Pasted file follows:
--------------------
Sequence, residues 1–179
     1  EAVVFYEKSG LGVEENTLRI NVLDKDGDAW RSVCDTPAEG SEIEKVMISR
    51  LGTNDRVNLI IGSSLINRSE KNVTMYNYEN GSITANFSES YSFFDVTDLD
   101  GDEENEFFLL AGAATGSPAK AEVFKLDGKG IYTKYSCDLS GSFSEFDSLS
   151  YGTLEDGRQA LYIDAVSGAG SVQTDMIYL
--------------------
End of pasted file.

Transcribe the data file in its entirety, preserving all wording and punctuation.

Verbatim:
Sequence, residues 1–179
     1  EAVVFYEKSG LGVEENTLRI NVLDKDGDAW RSVCDTPAEG SEIEKVMISR
    51  LGTNDRVNLI IGSSLINRSE KNVTMYNYEN GSITANFSES YSFFDVTDLD
   101  GDEENEFFLL AGAATGSPAK AEVFKLDGKG IYTKYSCDLS GSFSEFDSLS
   151  YGTLEDGRQA LYIDAVSGAG SVQTDMIYL